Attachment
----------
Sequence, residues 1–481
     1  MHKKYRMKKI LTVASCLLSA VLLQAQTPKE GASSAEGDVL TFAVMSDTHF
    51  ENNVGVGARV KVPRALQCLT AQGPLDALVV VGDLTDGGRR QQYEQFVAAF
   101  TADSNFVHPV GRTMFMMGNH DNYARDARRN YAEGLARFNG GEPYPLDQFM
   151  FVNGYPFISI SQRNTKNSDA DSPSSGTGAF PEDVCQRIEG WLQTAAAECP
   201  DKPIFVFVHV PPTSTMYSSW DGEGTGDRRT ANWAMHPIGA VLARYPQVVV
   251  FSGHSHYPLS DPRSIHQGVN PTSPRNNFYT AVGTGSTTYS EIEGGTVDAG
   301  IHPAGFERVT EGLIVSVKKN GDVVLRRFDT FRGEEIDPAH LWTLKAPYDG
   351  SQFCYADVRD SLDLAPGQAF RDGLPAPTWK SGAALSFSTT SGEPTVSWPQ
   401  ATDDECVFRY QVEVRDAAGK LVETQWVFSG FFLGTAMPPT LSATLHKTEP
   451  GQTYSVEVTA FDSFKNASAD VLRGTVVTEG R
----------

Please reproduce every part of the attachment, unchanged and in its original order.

Sequence, residues 1–481
     1  MHKKYRMKKI LTVASCLLSA VLLQAQTPKE GASSAEGDVL TFAVMSDTHF
    51  ENNVGVGARV KVPRALQCLT AQGPLDALVV VGDLTDGGRR QQYEQFVAAF
   101  TADSNFVHPV GRTMFMMGNH DNYARDARRN YAEGLARFNG GEPYPLDQFM
   151  FVNGYPFISI SQRNTKNSDA DSPSSGTGAF PEDVCQRIEG WLQTAAAECP
   201  DKPIFVFVHV PPTSTMYSSW DGEGTGDRRT ANWAMHPIGA VLARYPQVVV
   251  FSGHSHYPLS DPRSIHQGVN PTSPRNNFYT AVGTGSTTYS EIEGGTVDAG
   301  IHPAGFERVT EGLIVSVKKN GDVVLRRFDT FRGEEIDPAH LWTLKAPYDG
   351  SQFCYADVRD SLDLAPGQAF RDGLPAPTWK SGAALSFSTT SGEPTVSWPQ
   401  ATDDECVFRY QVEVRDAAGK LVETQWVFSG FFLGTAMPPT LSATLHKTEP
   451  GQTYSVEVTA FDSFKNASAD VLRGTVVTEG R